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‘This looks like tyranny’

ALGONQUIN TERRITORY, Canada – What if the federal government imposes a chief and council on an indigenous community, but no one – including the imposed chief – agrees to abide by the decision?

That’s what’s happening to the Algonquins of Barriere Lake.

The Canadian government’s Department of Indian and Northern Affairs has announced that a new chief and council have been elected by acclamation according to a section of Canada’s Indian Act of 1876. The decision was based on six to 10 mail-in nomination ballots received by a federal government electoral officer.

The federal government’s announcement in mid-August came only weeks after members of the Algonquin community staged a non-violent protest July 22 when members used their cars and trucks to block access to their territory and successfully stopped a federal elections officer from entering to hold a nominating meeting for a new chief and council.

Casey Ratt, the acclaimed chief, said he will not take the position because he refuses to break ranks with the community’s broad opposition to the Indian Act band elections that INAC has been trying to impose on the Algonquin band, community spokespersons Tony Wawatie and Marylynn Poucachiche said in a statement Aug. 17.

“The Canadian and Quebec governments are shamefully treating our community like criminals for peacefully protecting our inherent right to govern ourselves according to our customs,” Wawatie said. “The Canadian government is attempting to unconstitutionally abolish our traditional leadership selection. They claim imposing this regime is a democratic move, but the overwhelming majority of our community members are opposed and want instead to maintain our own system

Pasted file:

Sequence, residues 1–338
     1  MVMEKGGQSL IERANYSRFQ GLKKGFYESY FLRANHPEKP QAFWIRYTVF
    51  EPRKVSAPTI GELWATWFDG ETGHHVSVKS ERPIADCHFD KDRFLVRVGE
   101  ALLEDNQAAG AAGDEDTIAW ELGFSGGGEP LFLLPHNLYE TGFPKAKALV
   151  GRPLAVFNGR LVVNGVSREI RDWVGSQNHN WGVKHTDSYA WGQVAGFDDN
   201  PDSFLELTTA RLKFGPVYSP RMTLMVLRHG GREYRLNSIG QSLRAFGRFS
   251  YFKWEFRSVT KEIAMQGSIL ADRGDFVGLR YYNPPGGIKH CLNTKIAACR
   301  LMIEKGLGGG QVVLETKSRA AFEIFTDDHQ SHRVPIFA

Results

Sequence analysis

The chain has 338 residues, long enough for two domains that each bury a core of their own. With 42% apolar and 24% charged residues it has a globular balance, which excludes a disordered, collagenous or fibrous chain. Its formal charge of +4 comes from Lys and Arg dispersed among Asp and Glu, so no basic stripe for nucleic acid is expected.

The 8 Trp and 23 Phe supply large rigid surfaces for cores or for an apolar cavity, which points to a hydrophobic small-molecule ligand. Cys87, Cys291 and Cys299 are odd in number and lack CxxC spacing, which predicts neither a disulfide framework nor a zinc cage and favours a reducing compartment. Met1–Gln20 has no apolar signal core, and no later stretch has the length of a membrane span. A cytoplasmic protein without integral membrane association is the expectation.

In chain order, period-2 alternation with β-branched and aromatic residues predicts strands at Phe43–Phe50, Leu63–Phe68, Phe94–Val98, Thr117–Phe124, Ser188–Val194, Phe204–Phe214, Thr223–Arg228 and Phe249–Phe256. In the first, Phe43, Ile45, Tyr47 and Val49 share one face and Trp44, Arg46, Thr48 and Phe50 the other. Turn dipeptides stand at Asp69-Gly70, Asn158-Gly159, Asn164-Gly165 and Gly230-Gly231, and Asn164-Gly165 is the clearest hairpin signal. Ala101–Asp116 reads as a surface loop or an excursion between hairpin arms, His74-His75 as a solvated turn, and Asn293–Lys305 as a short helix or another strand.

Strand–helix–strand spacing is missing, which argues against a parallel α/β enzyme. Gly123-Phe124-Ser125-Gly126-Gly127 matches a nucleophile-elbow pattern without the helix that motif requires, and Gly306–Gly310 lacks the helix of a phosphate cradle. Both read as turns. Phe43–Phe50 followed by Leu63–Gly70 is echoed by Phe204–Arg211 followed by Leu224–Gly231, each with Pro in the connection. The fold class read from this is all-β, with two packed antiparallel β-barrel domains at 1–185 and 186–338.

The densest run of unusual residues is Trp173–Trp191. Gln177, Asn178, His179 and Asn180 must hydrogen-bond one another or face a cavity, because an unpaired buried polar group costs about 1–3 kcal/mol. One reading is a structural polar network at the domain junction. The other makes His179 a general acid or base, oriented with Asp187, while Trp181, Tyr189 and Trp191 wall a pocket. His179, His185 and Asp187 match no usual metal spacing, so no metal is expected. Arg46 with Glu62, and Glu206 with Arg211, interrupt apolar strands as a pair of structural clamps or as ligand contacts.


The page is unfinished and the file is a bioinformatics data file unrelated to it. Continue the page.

of government.”

After the July blockade, INAC rescheduled the nomination poll for Aug. 12, but band members promised to protest and boycott the nomination poll again despite threats that the Quebec Provincial Police would guard the polling states and arrest anyone who tried to interfere with the polling.

"This is the three-figure wampum belt that depicts the relationship the algonquins entered into with the French and British governments over 200 years ago," Algonquin Shiri Pasternak said.

In May, the Standing Senate Committee on Aboriginal Peoples issued a report affirming that First Nations have the right to maintain control over their internal affairs and be free to pursue their vision of customary government.

Also in May, almost 200 community members out of a total population of around 450 people, including children, signed a resolution rejecting the federal government’s regime and supporting the band’s traditional leadership selection process.

“Does the Minister of Indian Affairs really think that the consent of a handful of people can let them get away with eradicating our system of government?” Wawatie said. “The government has lectured us about democracy. But how can this be democratic if it goes against the will of our entire community? This looks more like tyranny.”